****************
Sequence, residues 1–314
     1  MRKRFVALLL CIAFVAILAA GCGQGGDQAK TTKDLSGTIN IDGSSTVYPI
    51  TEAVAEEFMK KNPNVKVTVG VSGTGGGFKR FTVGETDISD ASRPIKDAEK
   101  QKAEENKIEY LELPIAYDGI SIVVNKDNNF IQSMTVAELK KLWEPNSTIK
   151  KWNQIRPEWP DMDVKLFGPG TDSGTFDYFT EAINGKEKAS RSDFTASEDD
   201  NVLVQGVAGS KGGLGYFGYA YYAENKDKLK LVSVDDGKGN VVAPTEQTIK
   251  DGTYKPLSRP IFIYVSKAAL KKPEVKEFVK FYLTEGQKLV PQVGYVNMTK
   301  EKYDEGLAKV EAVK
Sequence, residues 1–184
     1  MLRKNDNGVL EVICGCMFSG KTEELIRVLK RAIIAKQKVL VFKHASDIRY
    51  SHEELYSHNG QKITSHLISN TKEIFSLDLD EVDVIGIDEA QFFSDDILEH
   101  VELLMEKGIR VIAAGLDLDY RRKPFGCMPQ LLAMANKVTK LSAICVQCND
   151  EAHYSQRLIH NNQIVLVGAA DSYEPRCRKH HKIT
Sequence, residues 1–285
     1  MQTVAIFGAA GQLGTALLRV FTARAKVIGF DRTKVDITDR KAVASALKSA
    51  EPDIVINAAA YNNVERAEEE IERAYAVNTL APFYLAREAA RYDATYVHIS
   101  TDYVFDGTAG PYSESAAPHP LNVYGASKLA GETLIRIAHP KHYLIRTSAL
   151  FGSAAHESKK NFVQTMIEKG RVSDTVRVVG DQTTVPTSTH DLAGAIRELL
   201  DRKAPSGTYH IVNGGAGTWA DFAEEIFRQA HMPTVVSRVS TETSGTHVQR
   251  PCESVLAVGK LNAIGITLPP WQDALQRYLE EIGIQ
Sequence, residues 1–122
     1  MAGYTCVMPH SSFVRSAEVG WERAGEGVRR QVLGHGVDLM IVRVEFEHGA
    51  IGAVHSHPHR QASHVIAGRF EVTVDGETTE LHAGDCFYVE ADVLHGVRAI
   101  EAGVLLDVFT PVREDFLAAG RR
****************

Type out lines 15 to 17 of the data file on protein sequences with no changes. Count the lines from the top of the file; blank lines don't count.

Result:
     1  MQTVAIFGAA GQLGTALLRV FTARAKVIGF DRTKVDITDR KAVASALKSA
    51  EPDIVINAAA YNNVERAEEE IERAYAVNTL APFYLAREAA RYDATYVHIS
   101  TDYVFDGTAG PYSESAAPHP LNVYGASKLA GETLIRIAHP KHYLIRTSAL